Homeowners find out their town has promised their houses to big corporation

Eminent domain is the legal concept that government can take people’s private property – with just compensation – when it is needed for a public benefit like a road or a bridge.

But in recent years governments repeatedly have used the scheme to take private property – and then have turned it over to another private owner, and such disputes have come up repeatedly in court.

There’s another fight erupting now.

This time it’s the Institute for Justice that is fighting on behalf of homeowners who live along Burnet Road in Onandaga County, New York.

That’s because county officials – and Micron Technology – have announced plans for the company to build a microchip facility in the White Pine Commerce Park in Clay.

The proposed construction site includes not only parts of the commerce park, which largely has been vacant since the 1990s, but the private properties of multiple homeowners.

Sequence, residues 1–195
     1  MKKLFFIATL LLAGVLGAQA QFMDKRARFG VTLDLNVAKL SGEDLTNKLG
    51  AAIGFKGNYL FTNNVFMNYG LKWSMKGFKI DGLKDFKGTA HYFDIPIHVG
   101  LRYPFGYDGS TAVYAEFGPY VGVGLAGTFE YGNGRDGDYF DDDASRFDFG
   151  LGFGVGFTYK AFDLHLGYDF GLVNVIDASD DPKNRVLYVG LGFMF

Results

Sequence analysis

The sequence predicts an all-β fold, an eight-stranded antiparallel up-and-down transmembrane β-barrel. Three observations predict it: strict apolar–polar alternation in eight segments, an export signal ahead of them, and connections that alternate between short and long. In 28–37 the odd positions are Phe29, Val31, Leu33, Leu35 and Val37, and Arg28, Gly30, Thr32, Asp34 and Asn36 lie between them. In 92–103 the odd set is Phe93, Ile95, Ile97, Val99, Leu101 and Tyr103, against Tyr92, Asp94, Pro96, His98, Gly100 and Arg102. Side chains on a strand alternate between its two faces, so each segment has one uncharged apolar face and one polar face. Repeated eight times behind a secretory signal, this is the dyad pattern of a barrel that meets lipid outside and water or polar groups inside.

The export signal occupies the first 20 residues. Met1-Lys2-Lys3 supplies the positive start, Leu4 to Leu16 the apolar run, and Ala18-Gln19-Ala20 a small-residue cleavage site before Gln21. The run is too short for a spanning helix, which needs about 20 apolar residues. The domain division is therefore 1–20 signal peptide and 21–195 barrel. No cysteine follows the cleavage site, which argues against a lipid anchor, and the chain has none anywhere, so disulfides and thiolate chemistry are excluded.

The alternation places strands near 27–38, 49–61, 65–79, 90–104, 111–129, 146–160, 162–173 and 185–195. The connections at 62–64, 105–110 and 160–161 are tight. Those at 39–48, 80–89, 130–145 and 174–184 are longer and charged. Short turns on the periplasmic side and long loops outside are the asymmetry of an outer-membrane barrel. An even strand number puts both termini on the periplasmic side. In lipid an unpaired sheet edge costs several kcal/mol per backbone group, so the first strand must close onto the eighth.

“My father built this home, and my family has lived here for decades. I’m not going to sit back and let the county take my family’s home and hand it over to a private corporation,” explained one homeowner, Paul Richer, in a statement released by the IJ.

Homeowners already have filed code complaints against properties that already have been acquired by the county, including that they have fallen into disrepair and are attracting criminal activity.

Another resident, Britta Sergio, explained, “The county has basically put ‘for sale signs in front of our homes, even though we don’t want to sell them. This road was a community with rural charm, and the loss of farmland would be tragic. The county cannot just take our land because they want something else here.”

Bob Belden, a lawyer with the IJ, said, “Taking homes from families and giving them over to a billion-dollar corporation isn’t just un-American, it’s unconstitutional. Other states throughout the country have made this abusive practice illegal, but New York State still allows it to run rampant.”

IJ previously has battled the misuse of eminent domain in a number of cases, and it says its grassroots activism also has helped save thousands of homes and small businesses from being taken over.

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